Needless to say, the novella never really got past the first few chapters and has languished ever since in the Box File of Woe.

But that was not to be the end of Giles as a character.

Obsession

A year later, and appearing this time as a woman and at the rank of Detective Sergeant, Evelyn Giles leapt on to the page, once more attempting to bring an end to corruption. But this time, the character found herself at odds with her superior, Detective Inspector Bolton, who has Giles on a tight leash following a botched operation. Forced to investigate domestic murders instead of pursuing those she really seeks to bring down, Giles finds herself investigating a murder where the chief suspect has the ability to bring down the corrupt officials that she is working against.

Although the character had returned, this version of Giles was not the focus of the story but was more of a sideshow to the character that she was chasing, known only as Adam. However, as I progressed further through the story, I began to realise that I was more interested in Giles’ plight rather than that of the man she was chasing and, in future drafts, Giles became the centre of the story with Adam dropping in and out of the narrative.

After several drafts, though, I found myself struggling to get to grips with the character. Even though her actions in the story were solid, I had little idea about what it really was that was driving her forward. At this point, Giles was still very much a name on a page and, without a more detailed backstory I had no way of understanding her.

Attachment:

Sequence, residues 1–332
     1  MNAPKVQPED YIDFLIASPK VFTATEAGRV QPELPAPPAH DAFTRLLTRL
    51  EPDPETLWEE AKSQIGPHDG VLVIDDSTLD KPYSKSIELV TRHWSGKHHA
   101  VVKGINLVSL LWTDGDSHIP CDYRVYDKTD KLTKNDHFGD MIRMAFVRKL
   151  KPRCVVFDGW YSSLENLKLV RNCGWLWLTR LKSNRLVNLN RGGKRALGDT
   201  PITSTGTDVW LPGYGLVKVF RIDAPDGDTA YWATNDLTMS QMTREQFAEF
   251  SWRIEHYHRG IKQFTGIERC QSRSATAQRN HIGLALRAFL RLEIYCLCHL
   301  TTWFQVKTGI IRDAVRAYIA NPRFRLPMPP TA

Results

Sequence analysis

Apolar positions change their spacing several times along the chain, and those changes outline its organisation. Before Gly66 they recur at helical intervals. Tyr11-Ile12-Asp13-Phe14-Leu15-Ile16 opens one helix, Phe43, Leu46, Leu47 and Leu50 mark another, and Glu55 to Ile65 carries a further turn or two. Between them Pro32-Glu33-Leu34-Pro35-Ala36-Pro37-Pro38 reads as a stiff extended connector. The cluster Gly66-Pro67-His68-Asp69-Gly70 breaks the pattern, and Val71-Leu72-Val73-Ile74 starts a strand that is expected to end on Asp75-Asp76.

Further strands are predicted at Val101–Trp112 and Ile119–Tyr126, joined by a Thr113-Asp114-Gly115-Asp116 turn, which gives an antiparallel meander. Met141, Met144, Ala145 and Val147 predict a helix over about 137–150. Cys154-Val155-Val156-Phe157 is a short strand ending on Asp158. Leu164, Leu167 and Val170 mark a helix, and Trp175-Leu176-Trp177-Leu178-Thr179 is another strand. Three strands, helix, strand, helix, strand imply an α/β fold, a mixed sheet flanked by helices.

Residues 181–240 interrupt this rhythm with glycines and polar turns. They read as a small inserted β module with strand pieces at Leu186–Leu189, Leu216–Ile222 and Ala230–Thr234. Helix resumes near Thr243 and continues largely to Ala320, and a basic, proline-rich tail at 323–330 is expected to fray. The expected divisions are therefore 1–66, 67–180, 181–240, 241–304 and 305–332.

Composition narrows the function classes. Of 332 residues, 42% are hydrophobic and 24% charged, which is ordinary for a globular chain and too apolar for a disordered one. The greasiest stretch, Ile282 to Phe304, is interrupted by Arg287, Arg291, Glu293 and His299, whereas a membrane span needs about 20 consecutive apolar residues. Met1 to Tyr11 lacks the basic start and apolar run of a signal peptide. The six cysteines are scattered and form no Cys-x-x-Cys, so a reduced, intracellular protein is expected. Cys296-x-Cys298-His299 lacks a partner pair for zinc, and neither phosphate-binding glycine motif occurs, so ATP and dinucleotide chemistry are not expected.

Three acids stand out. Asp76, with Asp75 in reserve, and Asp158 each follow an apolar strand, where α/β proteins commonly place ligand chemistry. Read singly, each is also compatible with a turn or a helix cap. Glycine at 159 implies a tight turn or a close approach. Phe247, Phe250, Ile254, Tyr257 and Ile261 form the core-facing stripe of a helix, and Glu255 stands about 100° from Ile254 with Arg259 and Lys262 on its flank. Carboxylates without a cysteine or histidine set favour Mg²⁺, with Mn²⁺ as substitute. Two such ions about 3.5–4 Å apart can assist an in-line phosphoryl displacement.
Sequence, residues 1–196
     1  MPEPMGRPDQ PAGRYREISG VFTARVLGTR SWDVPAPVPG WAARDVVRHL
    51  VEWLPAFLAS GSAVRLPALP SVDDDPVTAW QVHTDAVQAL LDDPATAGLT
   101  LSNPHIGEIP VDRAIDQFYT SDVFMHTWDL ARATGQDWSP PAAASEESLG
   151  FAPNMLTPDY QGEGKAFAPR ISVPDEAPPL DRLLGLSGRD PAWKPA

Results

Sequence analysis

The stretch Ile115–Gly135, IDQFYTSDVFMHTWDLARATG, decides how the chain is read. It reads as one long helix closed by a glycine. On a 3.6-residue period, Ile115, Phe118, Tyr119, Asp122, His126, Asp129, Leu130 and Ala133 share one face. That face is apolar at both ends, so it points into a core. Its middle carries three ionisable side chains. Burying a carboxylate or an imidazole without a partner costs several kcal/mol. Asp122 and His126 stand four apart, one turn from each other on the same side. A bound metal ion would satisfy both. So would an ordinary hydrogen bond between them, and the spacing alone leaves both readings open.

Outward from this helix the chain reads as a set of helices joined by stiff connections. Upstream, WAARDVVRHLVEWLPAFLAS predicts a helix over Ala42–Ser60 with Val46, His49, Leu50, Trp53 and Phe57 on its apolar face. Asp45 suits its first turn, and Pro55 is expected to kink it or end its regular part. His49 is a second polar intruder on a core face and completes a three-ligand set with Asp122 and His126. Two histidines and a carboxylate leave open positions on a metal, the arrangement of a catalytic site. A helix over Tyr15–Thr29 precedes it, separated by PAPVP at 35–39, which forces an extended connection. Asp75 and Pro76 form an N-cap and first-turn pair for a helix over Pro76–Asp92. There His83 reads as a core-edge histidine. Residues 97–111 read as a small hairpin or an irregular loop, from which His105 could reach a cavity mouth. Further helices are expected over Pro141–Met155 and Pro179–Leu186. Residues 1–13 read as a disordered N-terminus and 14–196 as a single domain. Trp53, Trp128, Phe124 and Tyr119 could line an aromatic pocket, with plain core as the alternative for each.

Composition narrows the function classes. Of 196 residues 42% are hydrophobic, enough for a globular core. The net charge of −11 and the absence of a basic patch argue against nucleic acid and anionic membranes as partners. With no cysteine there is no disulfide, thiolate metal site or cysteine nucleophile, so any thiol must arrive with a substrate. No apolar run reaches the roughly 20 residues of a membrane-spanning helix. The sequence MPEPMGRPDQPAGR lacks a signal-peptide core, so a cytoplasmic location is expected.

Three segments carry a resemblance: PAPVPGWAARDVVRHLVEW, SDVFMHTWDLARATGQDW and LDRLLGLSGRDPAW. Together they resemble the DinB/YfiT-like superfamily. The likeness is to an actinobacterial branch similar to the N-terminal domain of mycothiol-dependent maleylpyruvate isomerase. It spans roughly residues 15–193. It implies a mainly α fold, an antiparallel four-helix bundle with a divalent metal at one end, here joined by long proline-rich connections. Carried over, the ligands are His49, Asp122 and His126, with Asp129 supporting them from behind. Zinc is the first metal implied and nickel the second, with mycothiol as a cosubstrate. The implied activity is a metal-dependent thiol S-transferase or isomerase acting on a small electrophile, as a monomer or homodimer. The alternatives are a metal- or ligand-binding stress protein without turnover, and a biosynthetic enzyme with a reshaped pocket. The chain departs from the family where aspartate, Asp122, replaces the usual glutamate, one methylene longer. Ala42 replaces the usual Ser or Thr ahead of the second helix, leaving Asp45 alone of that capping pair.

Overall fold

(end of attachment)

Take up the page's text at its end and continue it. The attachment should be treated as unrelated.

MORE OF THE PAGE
The Bluebell Informant

The novella, ‘The Bluebell Informant’, was very much a product of my desire to work on Giles’ past. I wanted to explain her and the world around her, not only how she came to be watched so carefully by her superiors, but also how her environment came to be so corrupt.

The British General Elections gave me the basis of the plot of my story, and keeping a careful eye on the political back-and-forths appearing on my Facebook page provided me with the substance. I created a new story; a story of a failed politician who is accused of murder and a detective (Giles) who feels compelled to help him regardless of her ill-feelings towards the man.